ENEA to use data-visualization system to study biodiversity in Mediterranean Sea

JULY 23--Advanced Visual Systems Inc. (AVS; Waltham, MA; www.avs.com) has completed a cooperative project with the ENEA Marine Environment Research Centre near Lerici, Italy, to create a visualization tool based on its AVS/Express that facilitates the centre's study of coastal marine ecosystem biodiversity.

Jul 23rd, 2001

JULY 23--Advanced Visual Systems Inc. (AVS; Waltham, MA; www.avs.com) has completed a cooperative project with the ENEA Marine Environment Research Centre near Lerici, Italy, to create a visualization tool based on its AVS/Express that facilitates the centre's study of coastal marine ecosystem biodiversity. (Images from the project can be seen at www.avs.com/news/072301-ENEA.html) AVS/Express enables rapid, object-oriented development of interactive scientific and technical data visualizations for Digital, HP, IBM, SGI, Sun and Windows systems.

A diver prepares the site under study and films the area. Next, the application guides him through selection and filtering of significant images from the film, selection of objects to be reconstructed as 3-D models, camera calibration and position computations, and reconstruction of the structures under investigation. The user can then measure the model, compare it to others, and extract images and VRML models of the reconstruction for publication in print or on the Web.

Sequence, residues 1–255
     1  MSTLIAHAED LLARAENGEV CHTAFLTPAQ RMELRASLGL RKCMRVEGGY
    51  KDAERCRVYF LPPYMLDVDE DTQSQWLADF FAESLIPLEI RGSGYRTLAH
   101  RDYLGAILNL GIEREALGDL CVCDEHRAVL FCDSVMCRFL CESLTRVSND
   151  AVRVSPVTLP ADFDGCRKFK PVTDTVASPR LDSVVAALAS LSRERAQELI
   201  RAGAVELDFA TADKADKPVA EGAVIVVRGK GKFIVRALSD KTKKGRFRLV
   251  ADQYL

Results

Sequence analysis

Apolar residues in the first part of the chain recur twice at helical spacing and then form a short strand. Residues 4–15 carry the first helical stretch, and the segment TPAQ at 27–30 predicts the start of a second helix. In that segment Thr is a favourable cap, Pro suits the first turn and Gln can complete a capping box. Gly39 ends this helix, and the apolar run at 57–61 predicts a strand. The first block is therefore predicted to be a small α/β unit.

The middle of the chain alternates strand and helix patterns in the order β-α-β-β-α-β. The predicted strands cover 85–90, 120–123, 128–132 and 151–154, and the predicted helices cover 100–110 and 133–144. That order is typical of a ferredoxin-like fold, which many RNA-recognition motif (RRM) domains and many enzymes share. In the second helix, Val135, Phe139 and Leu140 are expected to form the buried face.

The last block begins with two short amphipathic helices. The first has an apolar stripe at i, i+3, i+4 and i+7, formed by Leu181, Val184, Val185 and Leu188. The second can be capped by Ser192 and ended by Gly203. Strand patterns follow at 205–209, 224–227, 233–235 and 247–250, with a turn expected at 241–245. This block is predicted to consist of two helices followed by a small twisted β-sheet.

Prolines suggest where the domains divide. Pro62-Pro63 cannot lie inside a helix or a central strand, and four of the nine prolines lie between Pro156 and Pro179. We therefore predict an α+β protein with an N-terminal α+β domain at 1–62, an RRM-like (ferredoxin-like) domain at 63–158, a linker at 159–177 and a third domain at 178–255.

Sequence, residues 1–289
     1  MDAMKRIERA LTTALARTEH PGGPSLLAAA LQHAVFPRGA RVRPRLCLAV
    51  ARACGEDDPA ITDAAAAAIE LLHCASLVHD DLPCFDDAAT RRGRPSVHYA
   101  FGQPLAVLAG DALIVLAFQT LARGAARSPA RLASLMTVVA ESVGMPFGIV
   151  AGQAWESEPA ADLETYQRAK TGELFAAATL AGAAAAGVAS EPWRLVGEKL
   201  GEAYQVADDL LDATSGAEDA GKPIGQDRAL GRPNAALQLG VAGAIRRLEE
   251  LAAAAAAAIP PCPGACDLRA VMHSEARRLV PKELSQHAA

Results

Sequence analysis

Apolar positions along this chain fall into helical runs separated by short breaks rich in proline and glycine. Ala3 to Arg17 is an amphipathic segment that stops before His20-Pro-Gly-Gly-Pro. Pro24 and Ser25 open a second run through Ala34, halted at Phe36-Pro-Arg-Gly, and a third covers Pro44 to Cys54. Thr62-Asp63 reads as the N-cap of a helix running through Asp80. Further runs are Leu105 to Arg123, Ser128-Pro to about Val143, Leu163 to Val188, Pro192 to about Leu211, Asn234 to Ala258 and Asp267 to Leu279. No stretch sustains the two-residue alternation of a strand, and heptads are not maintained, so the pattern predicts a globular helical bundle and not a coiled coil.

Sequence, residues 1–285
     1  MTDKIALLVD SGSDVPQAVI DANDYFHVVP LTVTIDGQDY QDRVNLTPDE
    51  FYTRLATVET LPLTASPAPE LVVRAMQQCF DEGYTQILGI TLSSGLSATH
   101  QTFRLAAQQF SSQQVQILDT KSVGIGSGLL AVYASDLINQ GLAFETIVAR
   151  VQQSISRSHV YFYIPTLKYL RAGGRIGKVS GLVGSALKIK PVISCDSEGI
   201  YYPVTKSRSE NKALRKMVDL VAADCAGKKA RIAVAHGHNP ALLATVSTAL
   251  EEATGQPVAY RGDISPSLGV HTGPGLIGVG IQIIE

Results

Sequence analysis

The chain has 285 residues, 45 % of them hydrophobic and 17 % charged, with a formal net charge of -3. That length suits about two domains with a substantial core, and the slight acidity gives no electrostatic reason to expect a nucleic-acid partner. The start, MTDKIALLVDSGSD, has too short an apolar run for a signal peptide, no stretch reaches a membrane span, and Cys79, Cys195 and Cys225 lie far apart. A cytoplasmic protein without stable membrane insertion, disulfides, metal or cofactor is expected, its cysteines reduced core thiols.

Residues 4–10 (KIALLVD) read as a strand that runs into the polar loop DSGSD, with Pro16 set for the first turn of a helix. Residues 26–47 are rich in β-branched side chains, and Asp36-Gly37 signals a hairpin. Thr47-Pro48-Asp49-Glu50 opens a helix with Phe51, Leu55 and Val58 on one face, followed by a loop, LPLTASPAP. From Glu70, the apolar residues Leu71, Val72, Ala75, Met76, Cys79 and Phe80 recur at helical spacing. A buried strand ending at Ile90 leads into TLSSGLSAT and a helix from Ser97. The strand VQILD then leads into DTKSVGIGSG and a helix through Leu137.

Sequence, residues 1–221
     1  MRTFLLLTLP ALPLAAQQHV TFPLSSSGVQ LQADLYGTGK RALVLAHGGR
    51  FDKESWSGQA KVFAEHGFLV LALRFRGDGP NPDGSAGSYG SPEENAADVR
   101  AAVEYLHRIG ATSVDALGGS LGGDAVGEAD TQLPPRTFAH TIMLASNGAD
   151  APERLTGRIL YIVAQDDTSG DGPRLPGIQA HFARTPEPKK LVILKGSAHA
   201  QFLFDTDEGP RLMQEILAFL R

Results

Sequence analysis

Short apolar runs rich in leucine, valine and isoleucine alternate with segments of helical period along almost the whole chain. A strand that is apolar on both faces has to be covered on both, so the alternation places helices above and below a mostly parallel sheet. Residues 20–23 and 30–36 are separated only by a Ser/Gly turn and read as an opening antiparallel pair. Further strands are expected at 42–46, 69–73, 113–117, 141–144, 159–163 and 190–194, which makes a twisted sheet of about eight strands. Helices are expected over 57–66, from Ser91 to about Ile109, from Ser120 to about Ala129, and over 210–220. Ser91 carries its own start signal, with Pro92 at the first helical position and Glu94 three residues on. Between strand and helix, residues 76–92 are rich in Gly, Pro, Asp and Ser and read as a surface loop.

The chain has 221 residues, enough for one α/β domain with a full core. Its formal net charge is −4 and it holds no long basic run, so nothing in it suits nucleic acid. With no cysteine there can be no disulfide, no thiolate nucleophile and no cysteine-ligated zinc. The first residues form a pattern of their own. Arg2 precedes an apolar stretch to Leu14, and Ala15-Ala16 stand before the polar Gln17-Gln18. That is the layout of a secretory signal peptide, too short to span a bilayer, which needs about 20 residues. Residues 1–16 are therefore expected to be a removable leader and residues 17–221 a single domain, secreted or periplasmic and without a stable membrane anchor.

"It is important to understand processes that promote diversification of coastal marine biotopes," explains ENEA biologist Silvia Cocito, "and this can be done by studying biogenic carbonate buildups. Their presence and growth is directly related to promotion and enhancement of biodiversity. Unfortunately, those studies have only marginally benefited by recent advances in technology, and often they need repeated biological sampling followed by long and complex laboratory analysis."

The need to perform repeated measurements using environmentally friendly, nondestructive techniques led the team to consider underwater photography, which has been mainly used as a descriptive method, explains project-leader Sergio Sgorbini. But in this project it is used as input to a 3-D model reconstruction of the biological structures to be studied.

AVS and ENEA have a long tradition of collaboration. This project is ENEA's first, however, to involve the technique of 3-D reconstruction.

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